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PM Calls for Reform of Iceland’s Monetary System

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PM Calls for Reform of Iceland’s Monetary System

Money - Icelandic Króna

Photo: Páll Kjartansson

A report, commissioned by Prime Minister Sigmundur Davíð Gunnlaugsson, outlining the need for a fundamental reform of Iceland’s monetary system, was published today by Progressive Party MP and chair of the Alþingi parliament’s Committee for Economic Affairs and Trade Frosti Sigurjónsson.

The report considers the extent to which Iceland’s history of economic instability has been driven by the ability of banks to ‘create money’ in the process of lending.

“I am very pleased to receive this new report on monetary reform. The findings will be an important contribution to the upcoming discussion, here and elsewhere, on money creation and monetary policy,” the PM commented in a press release.

“Iceland, being a sovereign state with an independent currency, is free to abandon the present unstable fractional reserves system and implement a better monetary system,” Frosti maintained, adding, “Such an initiative must however rest on further study of the alternatives and a widespread consensus on the urgency for reform.”

The foreword to the report was written by Lord Adair Turner, former chairman of the UK Financial Services Authority and chair of the policy development committee of the international Financial Stability Board.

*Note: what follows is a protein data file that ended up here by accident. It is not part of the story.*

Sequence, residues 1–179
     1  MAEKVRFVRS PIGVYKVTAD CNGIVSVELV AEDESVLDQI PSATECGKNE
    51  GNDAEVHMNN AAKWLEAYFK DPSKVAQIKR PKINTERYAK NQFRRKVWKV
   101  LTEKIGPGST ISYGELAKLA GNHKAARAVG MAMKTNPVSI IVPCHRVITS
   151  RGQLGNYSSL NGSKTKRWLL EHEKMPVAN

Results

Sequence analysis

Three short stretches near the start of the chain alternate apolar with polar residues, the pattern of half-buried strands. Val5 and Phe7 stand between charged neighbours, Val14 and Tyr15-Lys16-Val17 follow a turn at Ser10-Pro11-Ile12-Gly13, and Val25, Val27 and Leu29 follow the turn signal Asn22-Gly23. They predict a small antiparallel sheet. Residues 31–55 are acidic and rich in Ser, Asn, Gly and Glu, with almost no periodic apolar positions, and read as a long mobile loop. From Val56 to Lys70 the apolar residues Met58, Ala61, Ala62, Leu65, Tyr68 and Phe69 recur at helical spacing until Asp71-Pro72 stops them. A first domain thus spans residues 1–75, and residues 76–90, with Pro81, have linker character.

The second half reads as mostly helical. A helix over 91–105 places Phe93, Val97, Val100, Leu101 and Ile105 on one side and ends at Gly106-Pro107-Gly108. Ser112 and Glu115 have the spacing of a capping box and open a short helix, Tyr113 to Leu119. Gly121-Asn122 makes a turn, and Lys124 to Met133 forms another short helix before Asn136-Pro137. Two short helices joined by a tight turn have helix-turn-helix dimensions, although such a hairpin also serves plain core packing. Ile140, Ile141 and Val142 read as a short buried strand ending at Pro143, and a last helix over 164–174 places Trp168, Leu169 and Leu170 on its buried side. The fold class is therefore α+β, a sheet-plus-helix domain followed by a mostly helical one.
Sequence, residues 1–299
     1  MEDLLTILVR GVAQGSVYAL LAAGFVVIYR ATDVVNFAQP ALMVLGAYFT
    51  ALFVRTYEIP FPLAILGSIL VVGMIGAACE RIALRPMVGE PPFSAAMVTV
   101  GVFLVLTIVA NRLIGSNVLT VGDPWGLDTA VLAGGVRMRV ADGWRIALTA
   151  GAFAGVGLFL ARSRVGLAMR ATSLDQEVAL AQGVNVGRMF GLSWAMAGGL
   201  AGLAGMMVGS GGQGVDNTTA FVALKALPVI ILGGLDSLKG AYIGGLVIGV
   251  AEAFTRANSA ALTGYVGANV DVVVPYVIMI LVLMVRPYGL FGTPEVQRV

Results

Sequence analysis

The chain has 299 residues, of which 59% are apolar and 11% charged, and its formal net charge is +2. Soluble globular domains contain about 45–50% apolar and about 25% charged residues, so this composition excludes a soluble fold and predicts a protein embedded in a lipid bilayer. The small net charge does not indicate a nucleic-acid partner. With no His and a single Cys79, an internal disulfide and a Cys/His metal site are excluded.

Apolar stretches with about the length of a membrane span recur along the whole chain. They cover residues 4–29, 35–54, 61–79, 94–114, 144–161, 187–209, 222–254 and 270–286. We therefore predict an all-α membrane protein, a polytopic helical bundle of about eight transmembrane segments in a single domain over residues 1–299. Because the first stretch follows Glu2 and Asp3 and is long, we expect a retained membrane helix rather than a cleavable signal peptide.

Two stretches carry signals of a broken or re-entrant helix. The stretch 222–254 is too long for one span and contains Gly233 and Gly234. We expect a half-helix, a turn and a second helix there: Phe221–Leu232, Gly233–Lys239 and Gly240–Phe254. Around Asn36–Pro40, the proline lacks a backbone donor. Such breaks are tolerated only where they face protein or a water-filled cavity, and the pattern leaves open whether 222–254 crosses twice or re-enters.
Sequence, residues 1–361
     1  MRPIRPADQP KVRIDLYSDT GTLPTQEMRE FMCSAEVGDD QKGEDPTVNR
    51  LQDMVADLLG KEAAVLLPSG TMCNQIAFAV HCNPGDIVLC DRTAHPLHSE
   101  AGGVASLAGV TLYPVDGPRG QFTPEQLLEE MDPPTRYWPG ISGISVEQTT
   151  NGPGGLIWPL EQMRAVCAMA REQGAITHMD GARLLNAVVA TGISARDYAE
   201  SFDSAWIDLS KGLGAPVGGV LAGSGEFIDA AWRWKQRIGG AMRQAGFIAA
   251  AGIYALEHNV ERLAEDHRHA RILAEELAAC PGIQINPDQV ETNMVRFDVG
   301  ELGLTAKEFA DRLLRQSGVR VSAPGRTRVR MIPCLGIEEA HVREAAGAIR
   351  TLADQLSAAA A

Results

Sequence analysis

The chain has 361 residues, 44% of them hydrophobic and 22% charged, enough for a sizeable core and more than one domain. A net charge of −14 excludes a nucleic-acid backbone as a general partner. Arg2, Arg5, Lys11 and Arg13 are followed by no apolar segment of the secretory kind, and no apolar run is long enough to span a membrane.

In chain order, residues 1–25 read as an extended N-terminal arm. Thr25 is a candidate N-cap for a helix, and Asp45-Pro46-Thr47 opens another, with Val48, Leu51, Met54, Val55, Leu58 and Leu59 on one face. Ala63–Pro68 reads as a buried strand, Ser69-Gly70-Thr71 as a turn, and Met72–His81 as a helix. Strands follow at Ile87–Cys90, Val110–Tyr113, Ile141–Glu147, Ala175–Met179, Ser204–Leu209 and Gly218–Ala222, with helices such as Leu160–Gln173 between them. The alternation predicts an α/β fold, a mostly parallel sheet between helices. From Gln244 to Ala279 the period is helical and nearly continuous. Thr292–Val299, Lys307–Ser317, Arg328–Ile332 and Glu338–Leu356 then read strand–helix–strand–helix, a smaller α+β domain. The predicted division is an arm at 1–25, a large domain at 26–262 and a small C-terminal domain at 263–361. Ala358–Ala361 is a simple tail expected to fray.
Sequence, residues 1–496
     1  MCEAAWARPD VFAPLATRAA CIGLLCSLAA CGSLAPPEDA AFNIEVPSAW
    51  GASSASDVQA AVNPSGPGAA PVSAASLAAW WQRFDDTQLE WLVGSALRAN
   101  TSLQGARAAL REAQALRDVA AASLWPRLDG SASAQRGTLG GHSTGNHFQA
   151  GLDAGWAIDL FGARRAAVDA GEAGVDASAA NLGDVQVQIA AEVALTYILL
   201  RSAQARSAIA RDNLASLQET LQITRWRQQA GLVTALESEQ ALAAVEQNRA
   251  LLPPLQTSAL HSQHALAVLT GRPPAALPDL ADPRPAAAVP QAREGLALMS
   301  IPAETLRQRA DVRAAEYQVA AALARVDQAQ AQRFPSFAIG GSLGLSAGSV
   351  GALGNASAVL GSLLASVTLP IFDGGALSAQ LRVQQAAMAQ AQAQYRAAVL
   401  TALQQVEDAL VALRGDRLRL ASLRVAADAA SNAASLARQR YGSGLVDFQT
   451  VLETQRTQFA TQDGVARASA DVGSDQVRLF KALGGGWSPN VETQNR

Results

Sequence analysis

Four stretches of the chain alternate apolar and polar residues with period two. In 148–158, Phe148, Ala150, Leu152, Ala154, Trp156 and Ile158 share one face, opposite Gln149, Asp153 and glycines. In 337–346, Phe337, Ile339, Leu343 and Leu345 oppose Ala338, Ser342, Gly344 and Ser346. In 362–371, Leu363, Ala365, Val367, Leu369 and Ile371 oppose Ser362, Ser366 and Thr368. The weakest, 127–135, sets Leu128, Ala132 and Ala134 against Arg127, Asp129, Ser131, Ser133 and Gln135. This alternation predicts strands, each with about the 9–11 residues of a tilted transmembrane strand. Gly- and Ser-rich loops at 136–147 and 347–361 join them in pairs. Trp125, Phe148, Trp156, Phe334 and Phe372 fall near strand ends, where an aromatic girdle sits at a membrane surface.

Lord Turner stated that the efforts to make the existing financial system more stable had “still failed to address the fundamental issue—the ability of banks to create credit, money and purchasing power, and the instability which inevitably follows. As a result, the reforms agreed to date still leave the world dangerously vulnerable to future financial and economic instability.”

The Icelandic economy has struggled with inflation and unstable exchange rates. Iceland also suffered one of the costliest banking crises in history, the press release stated.

The report describes how commercial banks in Iceland created far more money than was needed for economic growth and how the Central Bank failed to bring the money supply under control using conventional means.

The report considers various reform proposals and concludes that the Sovereign Money proposal could provide a sound basis for effective reform in Iceland.

According to the Sovereign Money proposal, the state-owned Central Bank would become the only creator of money in the economy. Furthermore, the power to allocate money would be separated from the power to create new money.

The Central Bank would handle creation of money while the parliament would vote on how new money is allocated. The proposal aims to reduce the risk and instability of the monetary system, reduce debts substantially and direct the income from creating money to the state instead of commercial banks.

It is pointed out that further study is needed before Iceland can decide whether to take steps to implement reforms based on a ‘sovereign money’ system.

The full report can be read here.

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